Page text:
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Wed, 27 Jul 2016
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Bizarro Earth

Scientists say California's East Bay is overdue for the largest earthquake in centuries

© Tom Morgenstern
UC Berkeley professor Nick Sitar shows the gap at California Memorial Stadium due to Hayward Fault movement over the years.
A Hayward Fault shaker will be way, way worse than 1989's Loma Prieta quake.

Nicholas Sitar is a professor of civil engineering at UC Berkeley, and he likes to joke that "earthquakes don't come with due dates." Yet he and other scientists say it's only a matter of time — maybe days, more likely a few years — before a major Earth-shaking catastrophe hits the East Bay.

Their words are not scare tactics. The Hayward Fault runs nearly right through the heart of the region, splitting the flatlands from the hills. This 74-mile-long zone has been quiet since 1868, when it generated its last large earthquake. But scientists explained to the Express that the average time frame in which a large tremblor occurs on the Hayward Fault is about 140 years. And that period lapsed in 2008. "Yes, in terms of the statistical average, we are now well past the average period between earthquakes," is how Sitar put it.

This means that, in layman's terms, the proverbial Big One is overdue.

The professor is among many scientists who spend their time considering what would happen if a quake similar in size to, or perhaps substantially more powerful than, the 1868 Hayward Fault shaker struck Oakland and the greater region today. Nearly all agree that it would be a terrible disaster.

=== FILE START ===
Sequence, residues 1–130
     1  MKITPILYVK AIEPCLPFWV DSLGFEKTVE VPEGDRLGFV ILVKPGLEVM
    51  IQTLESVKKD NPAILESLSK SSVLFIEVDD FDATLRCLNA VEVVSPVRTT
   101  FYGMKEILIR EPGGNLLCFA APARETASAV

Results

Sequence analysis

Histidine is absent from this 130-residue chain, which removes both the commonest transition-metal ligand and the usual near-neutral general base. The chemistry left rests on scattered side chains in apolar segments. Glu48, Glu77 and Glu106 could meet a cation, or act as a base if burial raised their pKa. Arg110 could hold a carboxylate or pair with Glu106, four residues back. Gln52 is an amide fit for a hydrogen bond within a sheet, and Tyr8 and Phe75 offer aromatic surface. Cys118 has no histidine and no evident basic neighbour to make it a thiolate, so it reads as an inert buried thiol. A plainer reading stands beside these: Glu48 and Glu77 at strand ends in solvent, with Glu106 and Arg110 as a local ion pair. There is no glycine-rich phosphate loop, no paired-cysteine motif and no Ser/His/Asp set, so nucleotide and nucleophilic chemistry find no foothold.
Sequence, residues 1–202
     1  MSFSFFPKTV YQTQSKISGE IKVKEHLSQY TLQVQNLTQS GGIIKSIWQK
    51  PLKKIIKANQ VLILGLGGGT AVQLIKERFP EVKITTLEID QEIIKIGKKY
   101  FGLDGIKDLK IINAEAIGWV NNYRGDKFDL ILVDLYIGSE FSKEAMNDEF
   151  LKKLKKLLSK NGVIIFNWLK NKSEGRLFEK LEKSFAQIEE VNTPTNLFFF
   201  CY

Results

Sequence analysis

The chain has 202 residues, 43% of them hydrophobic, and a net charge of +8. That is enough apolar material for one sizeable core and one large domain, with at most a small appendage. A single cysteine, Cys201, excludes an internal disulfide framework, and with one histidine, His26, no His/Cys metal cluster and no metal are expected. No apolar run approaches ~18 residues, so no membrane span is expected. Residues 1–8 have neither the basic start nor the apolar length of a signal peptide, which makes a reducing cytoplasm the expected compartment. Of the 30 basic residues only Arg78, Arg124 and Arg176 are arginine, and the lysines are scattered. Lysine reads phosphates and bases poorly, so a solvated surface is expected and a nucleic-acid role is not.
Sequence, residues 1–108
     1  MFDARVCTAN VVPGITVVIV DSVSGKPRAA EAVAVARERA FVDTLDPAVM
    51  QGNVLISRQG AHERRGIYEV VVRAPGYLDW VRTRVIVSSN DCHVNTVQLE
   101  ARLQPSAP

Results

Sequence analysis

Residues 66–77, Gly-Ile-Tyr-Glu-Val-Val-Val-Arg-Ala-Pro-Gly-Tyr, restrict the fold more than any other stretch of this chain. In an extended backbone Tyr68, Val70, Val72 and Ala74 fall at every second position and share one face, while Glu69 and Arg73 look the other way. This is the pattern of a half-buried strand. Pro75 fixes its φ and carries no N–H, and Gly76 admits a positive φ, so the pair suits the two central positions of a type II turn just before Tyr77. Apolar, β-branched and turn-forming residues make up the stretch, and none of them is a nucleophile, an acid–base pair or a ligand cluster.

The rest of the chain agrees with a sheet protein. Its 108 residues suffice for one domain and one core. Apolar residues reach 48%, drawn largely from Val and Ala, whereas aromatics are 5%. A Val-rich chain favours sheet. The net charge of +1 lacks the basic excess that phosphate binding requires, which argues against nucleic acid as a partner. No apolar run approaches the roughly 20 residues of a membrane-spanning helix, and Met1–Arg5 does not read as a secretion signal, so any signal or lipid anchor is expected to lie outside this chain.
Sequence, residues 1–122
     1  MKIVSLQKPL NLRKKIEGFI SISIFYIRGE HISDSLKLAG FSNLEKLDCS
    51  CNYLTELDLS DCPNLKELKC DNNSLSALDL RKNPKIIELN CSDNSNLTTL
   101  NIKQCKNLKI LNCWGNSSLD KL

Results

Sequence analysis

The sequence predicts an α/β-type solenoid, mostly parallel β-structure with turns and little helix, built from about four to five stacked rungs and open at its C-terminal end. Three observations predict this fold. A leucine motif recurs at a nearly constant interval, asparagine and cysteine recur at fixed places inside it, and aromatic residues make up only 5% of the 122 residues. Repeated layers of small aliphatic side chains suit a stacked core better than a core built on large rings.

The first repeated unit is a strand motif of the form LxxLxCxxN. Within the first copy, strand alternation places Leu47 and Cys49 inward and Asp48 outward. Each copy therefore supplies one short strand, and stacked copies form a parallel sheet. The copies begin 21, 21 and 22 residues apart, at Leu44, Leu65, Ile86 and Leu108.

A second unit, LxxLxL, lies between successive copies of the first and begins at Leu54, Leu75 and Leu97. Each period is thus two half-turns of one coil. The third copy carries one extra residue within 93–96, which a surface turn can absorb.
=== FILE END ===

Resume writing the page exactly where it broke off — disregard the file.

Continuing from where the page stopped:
The shaking of a 7.0 magnitude earthquake would cause tremendous and unprecedented destruction. Thousands of buildings — even dozens of hospitals that are rated by state officials as seismically unstable — could be destroyed. Gas and water lines would break, and fires would leave the region reeling, if not wholly crippled, for days. Looters and thieves almost certainly will take advantage of abandoned homes and busy police and emergency officials.

Even less-dramatic experts such as Sitar concede that hundreds of people will die. Others expect a death toll in the thousands.

Cloud Precipitation

37 dead with 26 missing due to widespread floods and landslides in Nepal

© Ramesh Kumar Paudel/Republic
Men, women and children at a squatter settlement in Gaidakot, Nawalparasi wade through floodwaters from the Narayani River that inundated their homes Tuesday. The water level in the river reached 10.24 meters in the evening.
Floods and landslides have swept across various parts of the country, leaving at least 37 people dead in the last 24 hours. Twenty-six others have gone missing while more than 2,000 houses are inundated.

Landslides and floods triggered by incessant rainfall have left 15 dead in Pyuthan district, seven in Gulmi, four in Palpa, three in Makwanpur, two in Udaypur, three in Baglung, one in Banke and two in Rupandehi. Hundreds of families have been displaced in various parts of the country.

Monsoon-triggered floods and landslides in Pyuthan claimed at least 15 lives. And at least 23 others in the district have gone missing. Over 200 households are at high risk of being swept away by flooding and landslides.